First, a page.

That's because income investments get their value from how much they're paying investors beyond the risk-free rate. If the fed funds rate rises, so too does the rate that investors can collect on risk-free (or nearly risk-free) assets -- and that high-yield stock suddenly looks a whole lots less appealing as a result.
Hard assets, such as gold, also tend to perform poorly when rates are on the rise. Gold and other commodities tend to be a good protection against inflation, so when higher rates cut inflation levels, they also cut hard asset prices.
Real estate is one hard asset that doesn't play by that rule. Real estate actually tends to do well historically when inflation rates are on the rise.
Since higher rates increase borrowing costs for companies, stocks with low levels of debt and high levels of cash tend to do better in rising rate environments. (They're also able to earn bigger returns on those cash holdings.)
Financial firms that hold large cash positions for their clients (such as payroll services firms and investment brokerages) also benefit from higher float interest revenue when rates rise.
This Time It's Different?
The old saying goes that the four most expensive words for investors are "This time it's different."
And while that's good advice for investors watching the Fed right now, the fact is that this time it really is different.
For starters, rates have been at historic lows for seven years. At the moment, the Federal Reserve is targeting a fed funds rate of 0.25%, which just bumped up for the first time since the financial crisis of 2008. But the Fed is under pressure to bring interest rates into more "normal" territory, especially as we approach year seven of the economic recovery.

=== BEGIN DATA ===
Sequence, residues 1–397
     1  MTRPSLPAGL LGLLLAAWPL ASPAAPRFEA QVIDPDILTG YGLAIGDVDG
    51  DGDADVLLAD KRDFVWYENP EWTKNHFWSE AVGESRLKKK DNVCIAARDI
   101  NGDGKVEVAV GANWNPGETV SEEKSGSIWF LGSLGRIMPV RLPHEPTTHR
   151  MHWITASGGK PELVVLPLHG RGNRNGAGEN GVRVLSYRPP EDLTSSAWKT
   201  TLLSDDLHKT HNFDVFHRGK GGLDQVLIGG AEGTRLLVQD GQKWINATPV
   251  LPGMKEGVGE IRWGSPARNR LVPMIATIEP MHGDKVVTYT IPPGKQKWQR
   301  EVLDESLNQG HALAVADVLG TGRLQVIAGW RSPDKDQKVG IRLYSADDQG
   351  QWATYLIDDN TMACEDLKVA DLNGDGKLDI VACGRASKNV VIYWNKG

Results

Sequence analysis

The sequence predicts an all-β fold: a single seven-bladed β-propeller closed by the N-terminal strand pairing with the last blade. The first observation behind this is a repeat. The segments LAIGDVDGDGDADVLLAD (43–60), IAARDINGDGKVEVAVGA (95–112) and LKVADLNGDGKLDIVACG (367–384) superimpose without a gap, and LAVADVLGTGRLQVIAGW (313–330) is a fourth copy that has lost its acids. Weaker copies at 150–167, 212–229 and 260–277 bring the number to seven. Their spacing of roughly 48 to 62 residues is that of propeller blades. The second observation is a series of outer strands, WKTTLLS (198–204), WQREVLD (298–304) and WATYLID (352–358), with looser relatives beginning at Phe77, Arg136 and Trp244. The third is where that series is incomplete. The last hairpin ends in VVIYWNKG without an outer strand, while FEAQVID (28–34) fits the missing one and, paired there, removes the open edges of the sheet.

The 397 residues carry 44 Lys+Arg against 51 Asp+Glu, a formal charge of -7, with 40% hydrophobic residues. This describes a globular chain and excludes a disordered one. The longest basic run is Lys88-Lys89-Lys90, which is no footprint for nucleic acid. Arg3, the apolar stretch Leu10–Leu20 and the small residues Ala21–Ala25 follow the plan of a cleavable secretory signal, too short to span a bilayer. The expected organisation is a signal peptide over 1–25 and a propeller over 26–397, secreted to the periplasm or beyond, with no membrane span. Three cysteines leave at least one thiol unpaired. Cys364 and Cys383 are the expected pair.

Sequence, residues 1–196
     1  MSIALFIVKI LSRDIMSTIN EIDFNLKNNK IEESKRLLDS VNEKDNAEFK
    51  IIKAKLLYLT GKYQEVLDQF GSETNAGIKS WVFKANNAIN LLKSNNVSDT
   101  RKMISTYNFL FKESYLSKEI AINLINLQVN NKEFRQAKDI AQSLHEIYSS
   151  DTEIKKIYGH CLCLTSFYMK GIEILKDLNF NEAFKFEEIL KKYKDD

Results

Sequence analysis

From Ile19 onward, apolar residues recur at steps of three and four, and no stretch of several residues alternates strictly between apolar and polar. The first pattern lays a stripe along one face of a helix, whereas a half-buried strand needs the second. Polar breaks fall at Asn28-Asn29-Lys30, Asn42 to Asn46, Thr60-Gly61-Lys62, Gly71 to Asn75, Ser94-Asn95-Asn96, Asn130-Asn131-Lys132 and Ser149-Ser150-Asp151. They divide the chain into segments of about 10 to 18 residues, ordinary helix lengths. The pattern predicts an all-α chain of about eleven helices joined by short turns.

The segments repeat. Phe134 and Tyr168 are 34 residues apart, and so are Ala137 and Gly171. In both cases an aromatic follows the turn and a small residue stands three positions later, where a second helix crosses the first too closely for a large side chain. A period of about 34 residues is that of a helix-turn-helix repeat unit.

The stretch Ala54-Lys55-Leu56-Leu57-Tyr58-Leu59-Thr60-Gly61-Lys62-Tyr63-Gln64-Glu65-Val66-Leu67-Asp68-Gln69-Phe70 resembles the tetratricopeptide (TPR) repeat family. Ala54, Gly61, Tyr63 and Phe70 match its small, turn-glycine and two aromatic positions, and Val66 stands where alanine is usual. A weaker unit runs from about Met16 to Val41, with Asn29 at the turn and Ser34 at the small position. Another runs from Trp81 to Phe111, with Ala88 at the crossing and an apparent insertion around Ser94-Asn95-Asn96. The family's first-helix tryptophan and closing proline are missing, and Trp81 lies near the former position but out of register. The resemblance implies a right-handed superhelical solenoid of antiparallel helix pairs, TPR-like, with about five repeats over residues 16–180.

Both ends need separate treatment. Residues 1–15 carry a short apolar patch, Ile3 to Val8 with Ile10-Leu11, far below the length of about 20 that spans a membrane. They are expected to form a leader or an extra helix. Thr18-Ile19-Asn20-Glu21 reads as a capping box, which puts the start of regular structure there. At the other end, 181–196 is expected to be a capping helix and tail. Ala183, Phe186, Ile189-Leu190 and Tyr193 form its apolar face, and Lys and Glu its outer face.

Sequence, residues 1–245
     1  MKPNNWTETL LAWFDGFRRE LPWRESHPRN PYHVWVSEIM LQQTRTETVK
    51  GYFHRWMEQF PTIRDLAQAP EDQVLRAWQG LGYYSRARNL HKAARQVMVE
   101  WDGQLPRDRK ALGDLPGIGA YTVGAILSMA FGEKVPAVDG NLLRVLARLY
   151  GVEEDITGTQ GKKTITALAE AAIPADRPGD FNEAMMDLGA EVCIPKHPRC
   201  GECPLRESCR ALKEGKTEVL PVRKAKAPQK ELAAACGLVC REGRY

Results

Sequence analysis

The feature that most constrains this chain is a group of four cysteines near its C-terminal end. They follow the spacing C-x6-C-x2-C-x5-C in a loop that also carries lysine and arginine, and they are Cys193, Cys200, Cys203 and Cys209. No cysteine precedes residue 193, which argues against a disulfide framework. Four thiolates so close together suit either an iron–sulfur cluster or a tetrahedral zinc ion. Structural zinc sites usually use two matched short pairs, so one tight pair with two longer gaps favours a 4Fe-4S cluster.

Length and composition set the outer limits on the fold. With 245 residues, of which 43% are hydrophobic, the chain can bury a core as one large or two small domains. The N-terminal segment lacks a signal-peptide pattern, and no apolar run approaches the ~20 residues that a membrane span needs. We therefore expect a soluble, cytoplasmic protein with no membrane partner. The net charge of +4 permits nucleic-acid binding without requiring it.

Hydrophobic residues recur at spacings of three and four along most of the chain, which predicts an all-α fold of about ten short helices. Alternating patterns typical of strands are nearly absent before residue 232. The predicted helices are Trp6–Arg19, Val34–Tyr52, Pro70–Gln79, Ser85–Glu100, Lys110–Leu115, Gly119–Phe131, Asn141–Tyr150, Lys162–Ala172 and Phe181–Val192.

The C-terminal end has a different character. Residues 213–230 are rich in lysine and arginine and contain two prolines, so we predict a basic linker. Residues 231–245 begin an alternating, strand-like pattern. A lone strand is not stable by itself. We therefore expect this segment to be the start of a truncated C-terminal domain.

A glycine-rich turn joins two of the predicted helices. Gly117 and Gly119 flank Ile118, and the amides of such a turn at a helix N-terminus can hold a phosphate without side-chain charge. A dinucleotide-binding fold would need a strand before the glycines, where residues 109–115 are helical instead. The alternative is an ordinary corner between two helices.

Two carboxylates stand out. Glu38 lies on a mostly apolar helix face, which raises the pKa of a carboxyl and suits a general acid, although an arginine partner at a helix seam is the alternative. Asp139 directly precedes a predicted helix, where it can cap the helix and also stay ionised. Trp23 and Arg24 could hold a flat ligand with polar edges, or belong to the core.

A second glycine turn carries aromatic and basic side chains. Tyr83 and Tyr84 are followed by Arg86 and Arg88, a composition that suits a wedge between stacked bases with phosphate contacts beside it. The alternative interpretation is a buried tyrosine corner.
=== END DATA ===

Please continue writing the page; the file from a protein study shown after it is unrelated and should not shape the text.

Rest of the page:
The problem is that the recovery is a little shakier than in past periods.
We'd never before seen the Fed raise interest rates at a time when inflation was as low as it is today. (In fact, Ben Bernanke's biggest battle was against deflation, one of the major forces that caused the Great Depression to be so severe.) In the past 45 years, the Fed never before initiated a fed funds rate hike when the U.S. Bureau of Labor Statistics' CPI readings have been below 1%.
That inflation gauge is currently at 0.2% -- and plummeting prices for commodities such as oil and gas are threatening to drag it into negative territory.
In other words, the Federal Reserve is pushing into uncharted territory.
And that makes it a lot more difficult to figure out whether the rate hike talk is a real plan, or whether the central bank is testing the waters to see how investors react to the idea that the economy may be stable enough to boost rates. This wouldn't be the first time the Fed has used its PR mechanism to test investors' feelings or has backed off a policy change gone bad.
At the end of the day, rate hikes from the Federal Reserve are and will remain extremely measured. Janet Yellen and company aren't going to risk shocking the system with a big boost to their target rate. The good news is that a rate hike doesn't have to be a crisis for stock market investors.
Disclosure: This article is commentary by an independent contributor. At the time of publication, the author held no positions in the stocks mentioned.